Your Complete Potty Training Guide

Fifty-five tricks, tactics, and true tales from the potty training trenches.

Is Your Child Ready and How to Deal With Pitfalls

5 Ways to Know Your Child Is Ready

Are diaper-free days just around the corner? Most kids show an interest in the potty sometime between the ages of 2 and 3. It's time to give toilet training a try if your child displays two or more of the following signs, says Diane Stafford, coauthor of Potty Training for Dummies.

  • She's interested in watching you use the toilet and helping you flush.
  • He's uncomfortable in dirty diapers and wants them changed.
  • She regularly has dry diapers in the morning or stays dry during naps.
  • He lets you know when he needs to use the potty.
  • She begins to develop a predictable peeing and pooping schedule.

4 Potty-Training Pitfalls and How to Deal

Pediatrician Mark Wolraich, M.D., editor of American Academy of Pediatrics Guide to Toilet Training, gives advice on overcoming some common stumbling blocks.

  • Pitfall: My child will use the potty but refuses to flush.
  • Solution: Most kids go through a developmental stage when they don't like to see a "part of themselves" disappear, so they resist having their bowel movements flushed down the toilet, Dr. Wolraich explains. "That's probably what's
    happening—but don't make a big deal of it." The fix here is simply to remain patient. This too shall pass, and your toddler will be flushing in no time.
  • Pitfall: We've had accidents in the car, but we don't know whether we should put her in diapers for outings.
  • Solution: Switching back and forth between diapers, disposables, and underwear is confusing for a child. Keep it
    consistent at home, at day care, and on outings. When you head out with a toddler who is still learning to use the toilet, keep a portable potty in the back of your car; that way, you can always make an emergency stop if necessary. And don't forget to take her to the bathroom as soon as you reach your destination and once more just before you head home.
  • Pitfall: My son has been using the potty for about a month, but now he's saying that he wants to go back to diapers.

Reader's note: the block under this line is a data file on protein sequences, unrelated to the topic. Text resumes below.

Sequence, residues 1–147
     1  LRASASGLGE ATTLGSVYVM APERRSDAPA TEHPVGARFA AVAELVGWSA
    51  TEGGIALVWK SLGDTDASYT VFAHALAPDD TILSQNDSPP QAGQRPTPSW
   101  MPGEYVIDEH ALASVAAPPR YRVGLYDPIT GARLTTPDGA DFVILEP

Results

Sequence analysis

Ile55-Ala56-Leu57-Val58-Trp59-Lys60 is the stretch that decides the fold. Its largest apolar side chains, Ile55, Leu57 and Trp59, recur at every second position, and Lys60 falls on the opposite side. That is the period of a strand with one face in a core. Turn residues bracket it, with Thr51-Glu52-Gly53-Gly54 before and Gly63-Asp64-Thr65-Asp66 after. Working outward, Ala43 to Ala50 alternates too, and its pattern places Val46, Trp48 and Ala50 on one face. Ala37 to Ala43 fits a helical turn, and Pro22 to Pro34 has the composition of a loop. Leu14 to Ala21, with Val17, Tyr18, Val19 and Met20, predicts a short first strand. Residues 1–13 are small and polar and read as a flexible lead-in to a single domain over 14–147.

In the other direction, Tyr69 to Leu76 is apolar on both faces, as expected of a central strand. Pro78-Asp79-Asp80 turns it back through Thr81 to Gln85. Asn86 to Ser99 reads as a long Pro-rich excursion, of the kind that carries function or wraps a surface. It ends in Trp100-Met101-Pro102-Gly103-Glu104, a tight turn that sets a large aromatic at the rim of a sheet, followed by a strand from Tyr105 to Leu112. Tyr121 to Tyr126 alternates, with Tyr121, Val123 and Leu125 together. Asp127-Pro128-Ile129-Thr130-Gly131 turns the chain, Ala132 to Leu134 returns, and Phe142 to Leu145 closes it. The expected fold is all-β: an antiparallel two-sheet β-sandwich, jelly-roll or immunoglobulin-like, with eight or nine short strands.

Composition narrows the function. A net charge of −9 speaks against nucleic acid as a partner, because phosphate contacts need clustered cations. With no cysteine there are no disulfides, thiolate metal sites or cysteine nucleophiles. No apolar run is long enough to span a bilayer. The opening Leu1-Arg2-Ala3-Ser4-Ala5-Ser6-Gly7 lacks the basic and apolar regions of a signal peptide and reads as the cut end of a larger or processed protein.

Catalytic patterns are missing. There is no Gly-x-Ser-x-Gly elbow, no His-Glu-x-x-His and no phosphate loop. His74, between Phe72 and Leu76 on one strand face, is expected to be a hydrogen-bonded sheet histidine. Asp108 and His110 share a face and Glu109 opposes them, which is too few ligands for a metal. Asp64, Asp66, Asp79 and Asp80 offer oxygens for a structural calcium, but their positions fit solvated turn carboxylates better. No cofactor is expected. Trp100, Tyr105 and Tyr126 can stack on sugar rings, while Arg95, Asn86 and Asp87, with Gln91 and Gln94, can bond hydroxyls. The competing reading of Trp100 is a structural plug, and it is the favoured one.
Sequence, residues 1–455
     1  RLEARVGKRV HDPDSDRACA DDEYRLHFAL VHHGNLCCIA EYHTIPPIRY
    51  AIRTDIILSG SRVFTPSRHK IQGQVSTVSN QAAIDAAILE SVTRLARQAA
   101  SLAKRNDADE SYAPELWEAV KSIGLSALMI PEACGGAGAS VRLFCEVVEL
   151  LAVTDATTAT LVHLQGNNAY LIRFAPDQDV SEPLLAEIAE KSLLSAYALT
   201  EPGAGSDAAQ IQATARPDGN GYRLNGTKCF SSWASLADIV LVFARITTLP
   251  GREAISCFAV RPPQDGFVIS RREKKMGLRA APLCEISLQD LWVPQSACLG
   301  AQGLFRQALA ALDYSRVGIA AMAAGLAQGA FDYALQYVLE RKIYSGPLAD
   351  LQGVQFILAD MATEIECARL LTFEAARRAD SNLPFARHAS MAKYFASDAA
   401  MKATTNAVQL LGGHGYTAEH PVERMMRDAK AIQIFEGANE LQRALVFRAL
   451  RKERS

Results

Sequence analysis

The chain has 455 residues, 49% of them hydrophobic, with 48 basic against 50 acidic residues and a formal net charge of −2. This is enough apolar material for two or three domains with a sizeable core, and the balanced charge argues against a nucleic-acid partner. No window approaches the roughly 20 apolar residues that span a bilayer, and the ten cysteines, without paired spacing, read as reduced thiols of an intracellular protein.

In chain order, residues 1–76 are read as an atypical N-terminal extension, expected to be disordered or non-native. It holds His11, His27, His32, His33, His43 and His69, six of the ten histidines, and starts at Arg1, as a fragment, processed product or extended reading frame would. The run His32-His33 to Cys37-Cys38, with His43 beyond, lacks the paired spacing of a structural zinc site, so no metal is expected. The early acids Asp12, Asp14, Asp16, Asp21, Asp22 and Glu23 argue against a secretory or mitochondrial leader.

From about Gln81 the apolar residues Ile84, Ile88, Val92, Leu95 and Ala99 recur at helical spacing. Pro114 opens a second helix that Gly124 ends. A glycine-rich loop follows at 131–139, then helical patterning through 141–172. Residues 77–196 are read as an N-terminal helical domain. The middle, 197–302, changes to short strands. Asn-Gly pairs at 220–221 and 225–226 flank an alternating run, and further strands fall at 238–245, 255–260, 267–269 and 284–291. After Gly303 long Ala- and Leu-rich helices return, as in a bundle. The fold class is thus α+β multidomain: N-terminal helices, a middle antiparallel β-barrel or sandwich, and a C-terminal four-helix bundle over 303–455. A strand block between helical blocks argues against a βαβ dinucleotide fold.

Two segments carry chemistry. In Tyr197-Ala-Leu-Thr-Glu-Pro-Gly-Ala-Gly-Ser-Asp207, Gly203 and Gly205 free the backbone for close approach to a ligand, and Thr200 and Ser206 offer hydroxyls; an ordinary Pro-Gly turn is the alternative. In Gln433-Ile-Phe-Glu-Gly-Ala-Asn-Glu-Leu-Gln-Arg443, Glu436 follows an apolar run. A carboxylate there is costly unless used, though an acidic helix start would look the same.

• Solution: Take a good look at what's happening in your household. Because potty training is one of the last developmental skills that 2- to 3-year-olds master, it's often one of the first that regresses when something such as a new sibling disrupts the child's routine, Dr. Wolraich says. If your tot is having accidents on a consistent basis, use diapers for a while until he's ready to try again. Many kids take a few steps backward, but that doesn't stop them from reaching their goals.
  • Pitfall: My daughter will pee in the toilet but won't poop there.
  • Solution: "You need to watch the situation closely," advises Dr. Wolraich. Your child could be constipated, or maybe she was constipated within the last few weeks. If it hurt her to go to the bathroom that time, she'll probably be scared or reluctant to go again. If the problem persists, talk to her pediatrician.

2 Things to Say (And 2 Not to Say) After an Accident

Say This: "It's okay. Accidents happen!" Encourage your tot by letting him know that "mistakes" are perfectly normal and acceptable, and that everyone has them.

Don't Say This: "I told you that we don't go potty in our pants anymore!" Since he just pooped or peed in his pants, this statement isn't helpful.

Say This: "Let's clean up. Someday you'll go in the toilet!" Here, you're reinforcing the idea that she will succeed at using the potty eventually—and that's something she really needs to hear, especially after an accident.

Don't Say This: "You're too big to wet your pants!" You can see (and probably smell) the unmistakable evidence that she's not too big to miss the potty boat. These words will shame and embarrass your child rather than empower or encourage her.

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